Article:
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Water Uptake and Proton Conductivity in Porous Block Copolymer Electrolyte Membranes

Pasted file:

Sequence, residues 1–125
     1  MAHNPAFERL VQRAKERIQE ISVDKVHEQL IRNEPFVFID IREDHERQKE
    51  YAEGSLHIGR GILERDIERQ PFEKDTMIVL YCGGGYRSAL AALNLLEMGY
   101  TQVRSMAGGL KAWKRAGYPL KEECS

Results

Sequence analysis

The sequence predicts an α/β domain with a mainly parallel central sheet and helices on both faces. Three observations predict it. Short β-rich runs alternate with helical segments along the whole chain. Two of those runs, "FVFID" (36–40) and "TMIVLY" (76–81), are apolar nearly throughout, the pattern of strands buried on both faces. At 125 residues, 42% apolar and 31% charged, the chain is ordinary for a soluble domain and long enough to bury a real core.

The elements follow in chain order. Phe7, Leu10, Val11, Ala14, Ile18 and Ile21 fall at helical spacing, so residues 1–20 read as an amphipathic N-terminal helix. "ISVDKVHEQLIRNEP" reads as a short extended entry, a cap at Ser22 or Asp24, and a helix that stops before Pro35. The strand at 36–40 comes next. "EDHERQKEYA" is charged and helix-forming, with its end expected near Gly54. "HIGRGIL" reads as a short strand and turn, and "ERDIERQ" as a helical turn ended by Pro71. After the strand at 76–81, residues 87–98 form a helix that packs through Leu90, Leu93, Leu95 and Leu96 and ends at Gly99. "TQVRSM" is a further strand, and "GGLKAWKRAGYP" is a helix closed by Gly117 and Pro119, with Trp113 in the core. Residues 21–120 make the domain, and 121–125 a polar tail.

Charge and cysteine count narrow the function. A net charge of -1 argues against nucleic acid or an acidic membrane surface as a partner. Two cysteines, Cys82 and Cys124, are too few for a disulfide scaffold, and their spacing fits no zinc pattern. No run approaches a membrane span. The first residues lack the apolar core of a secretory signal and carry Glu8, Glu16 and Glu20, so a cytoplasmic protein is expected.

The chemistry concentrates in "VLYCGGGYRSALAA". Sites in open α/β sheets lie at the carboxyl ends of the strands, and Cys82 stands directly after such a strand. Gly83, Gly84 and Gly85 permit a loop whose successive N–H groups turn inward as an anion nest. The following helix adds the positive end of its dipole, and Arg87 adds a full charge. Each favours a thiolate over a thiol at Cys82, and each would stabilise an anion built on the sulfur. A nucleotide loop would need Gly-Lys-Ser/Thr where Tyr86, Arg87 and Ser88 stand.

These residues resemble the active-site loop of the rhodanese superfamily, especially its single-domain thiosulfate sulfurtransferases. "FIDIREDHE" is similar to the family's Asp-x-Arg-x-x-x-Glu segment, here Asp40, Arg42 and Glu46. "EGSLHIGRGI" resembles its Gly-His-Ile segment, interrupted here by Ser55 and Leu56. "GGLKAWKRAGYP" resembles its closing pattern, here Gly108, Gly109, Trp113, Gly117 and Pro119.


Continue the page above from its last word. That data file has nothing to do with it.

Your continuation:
We demonstrate that the water uptake and conductivity of proton-conducting block copolymer electrolyte membranes can be controlled systematically by the introduction of pores in the conducting domains. We start with a membrane comprising a mixture of homopolymer polystyrene (hPS) and a polystyrene-b-polyethylene-b-polystyrene (SES) copolymer. Rinsing the membranes in tetrahydrofuran and methanol results in the dissolution of hPS, leaving behind a porous membrane. The polystyrene domains in the porous SES membranes are then sulfonated to give a porous membrane with hydrophilic and hydrophobic domains. The porosity is controlled by controlling Φv, the volume fraction of hPS in the blended membrane. The morphology of the membranes before and after sulfonation was studied by scanning transmission electron microscopy (STEM), electron tomography, and resonance soft X-ray scattering (RSoXS). The porous structures before and after sulfonation are qualitatively different. Water uptake of the sulfonated membranes increased with increasing Φv. Proton conductivity is a nonmonotonic function of Φv with a maximum at Φv = 0.1. The introduction of microscopic pores in the conducting domain provides an additional handle for tuning water uptake and ion transport in proton-conducting membranes. (Graph Presented).

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